The versatility of glass
Whether home or workplace, modern buildings have to be energy-efficient, safe, aesthetically pleasing and comfortable for the occupants. They can even generate energy and communicate. All these functions can be met by glass for the construction industry and other advanced industrial sectors.
Superinsulating coated glass reflects heat from the building back into the interior, so preventing heat loss and contributing to the comfort of the occupants. These types of glass can be assembled into double or triple glazing. Their insulating power can be further enhanced by filling the inter-glass space with noble gas (argon or krypton).
Double glazing with superinsulating coated glass has twice the insulating power of ordinary double glazing. By reducing heating requirements, it contributes directly to energy savings.
Vacuum-insulated glass has the slim profile of single glazing, but the acoustic and thermal insulation power of triple glazing
Coated solar protection glass controls the amount of solar energy penetrating into the building, letting in light while reflecting part of the sun's heat (mainly in the form of invisible infrared radiation). As a result, the inside of the building remains not only bright but also cooler than with normal glass. By reducing the need for air conditioning, such types of glass contribute directly to energy savings. They are available in single, double or triple glazing in a wide range of colours.
Health, Safety & Security
Safety glass guards against injury and protects property against vandalism and break-in. Laminated safety glass is made up of several sheets of glass separated by one or more plastic films (PVB) so that if it breaks the pieces remain attached to the film. Depending on its composition, it affords protection against falling out the window or even resists gunfire and explosions. Toughened glass, produced by heat treatment, is five times stronger than ordinary glass in terms of resistance to physical or thermal shock. Fire-resistant glass is made up of glass sheets separated by plastic layers that swell up when exposed to heat. Depending on its composition, it provides fire protection for 30 or even up to 120 minutes. Acoustic insulation glass, for its part, protects against outside noise, thus helping to preserve the peace and health of the occupants. Last but not least, Planibel Easy glass helps to reduce Covid-19 contamination when exposed to daylight.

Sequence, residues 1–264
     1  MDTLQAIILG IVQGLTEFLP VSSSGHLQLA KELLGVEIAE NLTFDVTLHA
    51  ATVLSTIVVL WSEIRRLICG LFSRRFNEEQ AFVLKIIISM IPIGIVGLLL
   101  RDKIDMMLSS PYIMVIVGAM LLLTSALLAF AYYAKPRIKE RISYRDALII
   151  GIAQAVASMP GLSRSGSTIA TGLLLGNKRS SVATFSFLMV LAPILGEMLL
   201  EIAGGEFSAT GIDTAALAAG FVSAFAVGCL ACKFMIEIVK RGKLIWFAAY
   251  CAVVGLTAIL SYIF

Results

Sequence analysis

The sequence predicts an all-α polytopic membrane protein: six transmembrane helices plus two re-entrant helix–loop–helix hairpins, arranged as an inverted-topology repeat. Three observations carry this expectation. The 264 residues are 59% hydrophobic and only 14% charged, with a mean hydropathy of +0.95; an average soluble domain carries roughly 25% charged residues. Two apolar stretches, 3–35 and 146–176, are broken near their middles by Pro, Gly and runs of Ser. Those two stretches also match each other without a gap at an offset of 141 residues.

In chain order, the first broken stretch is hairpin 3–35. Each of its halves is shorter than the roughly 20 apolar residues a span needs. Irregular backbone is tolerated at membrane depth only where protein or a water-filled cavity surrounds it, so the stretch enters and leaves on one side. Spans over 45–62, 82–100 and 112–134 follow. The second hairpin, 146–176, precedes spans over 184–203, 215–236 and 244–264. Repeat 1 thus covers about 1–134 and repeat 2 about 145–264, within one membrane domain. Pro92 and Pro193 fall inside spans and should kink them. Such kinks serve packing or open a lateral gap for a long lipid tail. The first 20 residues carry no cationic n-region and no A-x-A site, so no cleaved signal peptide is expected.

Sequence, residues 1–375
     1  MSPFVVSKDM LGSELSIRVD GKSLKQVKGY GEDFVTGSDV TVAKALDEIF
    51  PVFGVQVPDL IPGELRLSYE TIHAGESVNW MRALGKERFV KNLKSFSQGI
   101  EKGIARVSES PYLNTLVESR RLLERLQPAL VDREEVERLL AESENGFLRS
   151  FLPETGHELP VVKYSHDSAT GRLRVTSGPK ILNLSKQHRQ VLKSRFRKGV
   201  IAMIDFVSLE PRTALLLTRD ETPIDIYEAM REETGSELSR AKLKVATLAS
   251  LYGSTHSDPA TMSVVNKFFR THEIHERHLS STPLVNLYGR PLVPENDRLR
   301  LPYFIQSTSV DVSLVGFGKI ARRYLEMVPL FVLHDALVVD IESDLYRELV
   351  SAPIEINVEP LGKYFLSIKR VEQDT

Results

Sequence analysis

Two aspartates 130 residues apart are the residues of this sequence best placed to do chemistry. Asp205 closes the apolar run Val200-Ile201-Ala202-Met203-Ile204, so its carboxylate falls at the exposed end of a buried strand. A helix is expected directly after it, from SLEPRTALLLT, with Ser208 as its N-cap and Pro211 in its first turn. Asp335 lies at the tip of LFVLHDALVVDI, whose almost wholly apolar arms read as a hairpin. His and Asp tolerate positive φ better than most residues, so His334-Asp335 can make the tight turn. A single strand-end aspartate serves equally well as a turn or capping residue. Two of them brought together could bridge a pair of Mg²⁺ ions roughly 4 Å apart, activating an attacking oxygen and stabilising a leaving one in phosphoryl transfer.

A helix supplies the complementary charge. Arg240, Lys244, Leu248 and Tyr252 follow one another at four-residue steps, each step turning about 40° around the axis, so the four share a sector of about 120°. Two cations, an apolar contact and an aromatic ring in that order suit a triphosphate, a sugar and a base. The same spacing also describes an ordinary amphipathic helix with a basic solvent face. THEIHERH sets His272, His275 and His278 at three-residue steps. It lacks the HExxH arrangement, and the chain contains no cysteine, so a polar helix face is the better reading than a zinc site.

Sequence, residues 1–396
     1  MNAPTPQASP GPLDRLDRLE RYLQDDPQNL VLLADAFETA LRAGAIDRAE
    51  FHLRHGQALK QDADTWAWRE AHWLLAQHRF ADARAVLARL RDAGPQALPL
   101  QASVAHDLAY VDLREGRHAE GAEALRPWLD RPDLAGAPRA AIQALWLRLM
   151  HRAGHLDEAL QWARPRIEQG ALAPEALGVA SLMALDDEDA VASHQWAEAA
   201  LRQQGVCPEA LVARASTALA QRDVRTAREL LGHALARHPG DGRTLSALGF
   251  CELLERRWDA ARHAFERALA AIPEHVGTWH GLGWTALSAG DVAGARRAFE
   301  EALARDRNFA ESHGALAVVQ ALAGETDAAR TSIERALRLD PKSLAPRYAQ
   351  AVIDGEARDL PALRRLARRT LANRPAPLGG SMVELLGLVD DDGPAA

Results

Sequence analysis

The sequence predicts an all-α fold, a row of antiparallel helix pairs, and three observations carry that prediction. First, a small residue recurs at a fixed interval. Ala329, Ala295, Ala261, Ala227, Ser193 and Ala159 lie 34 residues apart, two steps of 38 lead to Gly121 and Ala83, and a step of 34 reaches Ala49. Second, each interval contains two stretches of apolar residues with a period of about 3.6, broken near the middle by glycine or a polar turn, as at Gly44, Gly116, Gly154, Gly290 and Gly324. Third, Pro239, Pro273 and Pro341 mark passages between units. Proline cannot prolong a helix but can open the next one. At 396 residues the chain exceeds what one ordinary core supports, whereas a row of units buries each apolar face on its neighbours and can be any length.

When transparent, clear or in subtle tints, glass designs space. Translucent, it expands space. Painted, it becomes opaque, separating spaces while spreading color. Patterned, it sculpts the light. Mirrored, it reflects and expands space. Laminated and coloured, it combines aesthetics with security. Toughened and screen-printed, it personalises building interiors. Electroluminescent (with LEDs), it creates light and magic. Shaped and sculpted, it responds to the creativity of furniture designers.
BIPV (Building Integrated Photovoltaic) glass has a dual role, forming part of the outer structure (glazing) of the building, while at the same time generating electricity. As such, it can replace structural elements (e.g. roofing) instead of being added on to them. BIPV glass in the form of laminated assemblies incorporates either photovoltaic cells or an ultra-thin organic film (opaque or semi-transparent), capable of generating electricity. The high-reflection, high-strength AGC mirror glass can be tailored to the needs of solar power stations.
Communication and Infotainment
Laminated glass, incorporating LEDs without visible wiring, comes alive at night, transforming building facades into coloured displays (logos or other designs) or giant screens with moving images. By day, it becomes transparent again.
For the high-tech sector, extra-thin glass (down to 0.3 mm) is ideally suited to electronic displays thanks to its surface quality and/or the extremely low iron content that is necessary for certain applications (giant touchscreens).
The smart cities require full connectivity. Wave transparent glass and invisible antennas on windows can from now on help build tomorrow’s connected cities.